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The Menopause Cycle: How Long Does It Last?

How Long Does Menopause Last?

The average woman starts menopause at the age of 51 when they have not had a period for 12 months or more. This is a completely natural part of aging, marking the end of your child-bearing years.

However, menopause is also a very confusing and sometimes frustrating time. Many women experience various symptoms due to hormonal fluctuations, such as hot flashes and difficulty sleeping. So, let’s dive a little deeper into this topic. What should you expect? How long does menopause last?

What is Menopause?



As aforementioned, menopause is the time in a woman’s life when menstruation stops. Menopause has officially happened when you have not experienced a period within the last 12 months.

Menopause takes place through three stages: perimenopause, menopause, and post-menopause. Perimenopause is usually the time when a woman begins experiencing various symptoms related to menopause, which we will discuss in more detail below. First, let’s take a closer look at the common symptoms associated with menopause.

The Common Symptoms of Menopause

As a normal biological process, menopause takes place over many years. Usually, symptoms that mark the beginning of perimenopause include:

  • Irregular periods
  • Hot flashes
  • Vaginal dryness
  • Chills
  • Night sweats
  • Mood fluctuations
  • Weight gain
  • Slowed metabolic function
  • Thinning hair
  • Dry skin
  • Sleep difficulties
  • Brain fog

You may experience all of the above or only a few of the above. The most common symptom is irregular periods, which takes place before your periods stop happening altogether. Sometimes, you will skip a month here or there, then have no period for a few months before it returns, and then it will halt entirely.

The Stages of Menopause

So, what are the different stages of menopause exactly? How long does each stage last?

1. Perimenopause

This is the time when a woman’s cycle becomes irregular due to decreased estrogen production via the ovaries This usually happens in a woman’s late 40s. However, it may begin earlier, such as before 40 years of age, which is referred to as premature menopause.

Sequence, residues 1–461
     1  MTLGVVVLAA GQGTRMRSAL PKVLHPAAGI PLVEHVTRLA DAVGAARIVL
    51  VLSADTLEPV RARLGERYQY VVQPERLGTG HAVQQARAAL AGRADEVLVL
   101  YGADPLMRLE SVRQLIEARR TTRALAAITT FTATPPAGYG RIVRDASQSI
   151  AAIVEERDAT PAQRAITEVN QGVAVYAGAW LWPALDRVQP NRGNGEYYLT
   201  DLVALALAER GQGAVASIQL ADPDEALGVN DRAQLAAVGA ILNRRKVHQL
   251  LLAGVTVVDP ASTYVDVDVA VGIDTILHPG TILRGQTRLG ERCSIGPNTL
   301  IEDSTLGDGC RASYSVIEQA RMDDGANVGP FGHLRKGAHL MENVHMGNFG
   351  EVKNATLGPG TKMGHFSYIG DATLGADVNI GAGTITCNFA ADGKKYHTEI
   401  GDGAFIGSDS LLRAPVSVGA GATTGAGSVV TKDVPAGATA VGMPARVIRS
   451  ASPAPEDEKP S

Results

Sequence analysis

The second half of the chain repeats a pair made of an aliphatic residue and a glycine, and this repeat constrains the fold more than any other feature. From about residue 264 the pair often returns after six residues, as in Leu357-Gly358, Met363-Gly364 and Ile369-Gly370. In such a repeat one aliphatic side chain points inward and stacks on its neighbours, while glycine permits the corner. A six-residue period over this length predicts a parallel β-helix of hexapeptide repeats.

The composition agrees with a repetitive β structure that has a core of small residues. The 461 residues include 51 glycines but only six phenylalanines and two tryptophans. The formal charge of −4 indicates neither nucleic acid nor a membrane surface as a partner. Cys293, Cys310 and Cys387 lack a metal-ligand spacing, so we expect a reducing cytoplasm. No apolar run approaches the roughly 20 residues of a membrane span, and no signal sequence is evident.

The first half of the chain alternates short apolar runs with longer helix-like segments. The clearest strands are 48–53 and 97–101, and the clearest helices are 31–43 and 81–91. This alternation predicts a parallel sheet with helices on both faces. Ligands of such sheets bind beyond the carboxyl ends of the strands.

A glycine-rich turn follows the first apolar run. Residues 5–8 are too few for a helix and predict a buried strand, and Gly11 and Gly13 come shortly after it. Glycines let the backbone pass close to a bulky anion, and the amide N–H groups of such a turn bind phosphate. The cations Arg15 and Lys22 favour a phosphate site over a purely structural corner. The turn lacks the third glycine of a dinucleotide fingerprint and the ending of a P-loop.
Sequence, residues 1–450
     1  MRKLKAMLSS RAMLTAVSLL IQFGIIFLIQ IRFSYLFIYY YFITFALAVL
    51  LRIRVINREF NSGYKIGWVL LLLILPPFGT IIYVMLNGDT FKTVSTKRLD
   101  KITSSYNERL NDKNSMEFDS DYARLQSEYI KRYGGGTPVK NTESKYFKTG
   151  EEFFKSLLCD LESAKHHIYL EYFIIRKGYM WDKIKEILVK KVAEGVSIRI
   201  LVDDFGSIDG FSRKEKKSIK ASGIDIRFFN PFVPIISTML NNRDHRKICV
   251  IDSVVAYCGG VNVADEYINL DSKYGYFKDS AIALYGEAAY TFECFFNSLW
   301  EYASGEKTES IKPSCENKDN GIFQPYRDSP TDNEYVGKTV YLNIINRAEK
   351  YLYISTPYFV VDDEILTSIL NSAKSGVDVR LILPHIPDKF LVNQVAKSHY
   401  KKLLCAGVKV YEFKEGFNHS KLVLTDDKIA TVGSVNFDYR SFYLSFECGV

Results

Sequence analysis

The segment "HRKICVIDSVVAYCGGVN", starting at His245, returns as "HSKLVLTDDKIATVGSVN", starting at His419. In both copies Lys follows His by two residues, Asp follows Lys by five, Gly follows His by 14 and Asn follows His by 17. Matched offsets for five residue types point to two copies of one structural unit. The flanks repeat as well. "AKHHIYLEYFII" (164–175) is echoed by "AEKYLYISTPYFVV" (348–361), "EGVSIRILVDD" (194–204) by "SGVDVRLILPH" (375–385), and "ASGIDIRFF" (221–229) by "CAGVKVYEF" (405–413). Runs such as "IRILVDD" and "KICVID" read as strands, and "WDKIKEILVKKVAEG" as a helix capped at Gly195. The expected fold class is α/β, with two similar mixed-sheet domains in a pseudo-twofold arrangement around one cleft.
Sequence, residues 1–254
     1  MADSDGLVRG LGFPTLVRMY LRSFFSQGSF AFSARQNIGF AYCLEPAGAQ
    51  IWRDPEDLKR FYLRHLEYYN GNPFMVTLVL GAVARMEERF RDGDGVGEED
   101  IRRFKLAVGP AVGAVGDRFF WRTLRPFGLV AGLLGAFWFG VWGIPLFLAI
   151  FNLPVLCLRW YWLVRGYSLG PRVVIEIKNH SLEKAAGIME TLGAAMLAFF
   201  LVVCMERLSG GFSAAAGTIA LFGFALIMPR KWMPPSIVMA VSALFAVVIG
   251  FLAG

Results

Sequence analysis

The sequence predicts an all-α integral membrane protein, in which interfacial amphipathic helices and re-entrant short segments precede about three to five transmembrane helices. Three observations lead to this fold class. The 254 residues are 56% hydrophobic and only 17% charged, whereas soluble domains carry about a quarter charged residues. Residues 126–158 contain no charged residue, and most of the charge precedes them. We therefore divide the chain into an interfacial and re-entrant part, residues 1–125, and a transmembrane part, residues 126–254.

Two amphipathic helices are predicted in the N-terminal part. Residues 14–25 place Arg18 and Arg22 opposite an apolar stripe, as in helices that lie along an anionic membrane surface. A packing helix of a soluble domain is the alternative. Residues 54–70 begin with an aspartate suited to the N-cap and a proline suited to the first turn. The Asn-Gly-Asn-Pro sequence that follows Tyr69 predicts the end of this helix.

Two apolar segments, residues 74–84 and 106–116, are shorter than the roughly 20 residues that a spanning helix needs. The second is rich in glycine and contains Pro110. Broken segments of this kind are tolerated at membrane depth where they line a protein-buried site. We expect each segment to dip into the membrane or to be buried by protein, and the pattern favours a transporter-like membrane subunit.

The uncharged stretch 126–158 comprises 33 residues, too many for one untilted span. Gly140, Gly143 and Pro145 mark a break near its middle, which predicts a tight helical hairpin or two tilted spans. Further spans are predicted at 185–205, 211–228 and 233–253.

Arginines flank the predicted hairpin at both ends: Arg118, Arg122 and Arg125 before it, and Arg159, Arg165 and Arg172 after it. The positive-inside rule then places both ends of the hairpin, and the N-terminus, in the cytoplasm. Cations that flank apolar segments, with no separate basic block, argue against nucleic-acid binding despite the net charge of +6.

You may also begin to notice other symptoms, such as hot flashes or trouble sleeping. At the same time, during this stage, you can get pregnant, which is something you may want to keep in mind.

2. Menopause

This officially happens when you experience your last menstrual cycle, and this is confirmed after 12 months of no period. You may have other symptoms, such as night sweats, vaginal dryness, and more. These are happening due to hormonal changes within the body.

3. Post-Menopause

Post-menopause begins a year after your last period. If you have any vaginal bleeding after this time, ensure you visit and consult with your doctor since this is not normal.

Coping Techniques for Menopause Symptoms

Generally, it lasts an average of four years. Yet, for some, it can extend longer or be shorter. Either way, many years of these symptoms is a long time. It can feel disruptive to your daily life and even decrease your quality of life. So, what can you do to cope? Below, we have outlined a few coping techniques when it comes to getting through menopause.

1. Use Lubrication

Vaginal dryness is a common problem amongst menopausal women. This can not only lead to various discomforts, but it can also make intercourse particularly difficult. However, through the use of water-based lubricants or moisturizers prescribed by your doctor, this major symptom is treatable.

2. Consider Adjusting Your Lifestyle

Your lifestyle might not need a full overhaul. However, it is important to pay attention to areas where you can actively be making improvements. Doing so can reduce symptoms and help you cope.

Hot flashes are another common complaint. The best thing you can do here is to recognize your triggers and limit or avoid them. For instance, many women find alcohol often leads to hot flashes. By limiting your intake, you can help lower the chances of this symptom from happening.

Additionally, you may want to consider:

  • Quitting smoking
  • Avoiding napping during the day so that you get a better sleep at night
  • Regular exercise
  • Assessing your sleep hygiene
  • Reducing stress through relaxation techniques
  • Make sure you are eating a variety of vitamins, minerals, and nutrients as part of a balanced diet

3. Discuss HRT Options With Your Doctor

If you have severe symptoms, your doctor may recommend hormonal replacement therapy (HRT). This can help reduce mood swings, slow bone loss, reduce hot flashes, improve sleep problems, help with vaginal dryness, and more. Yet, there are side effects that may happen when taking HRT and a prescription is required, which is why you will need to discuss this with your family doctor.

Menopause can be a tough time. But it does not have to be. Knowledge is power, and when you know how to address your menopausal symptoms, you can continue to live your life without symptoms interfering or getting in your way.

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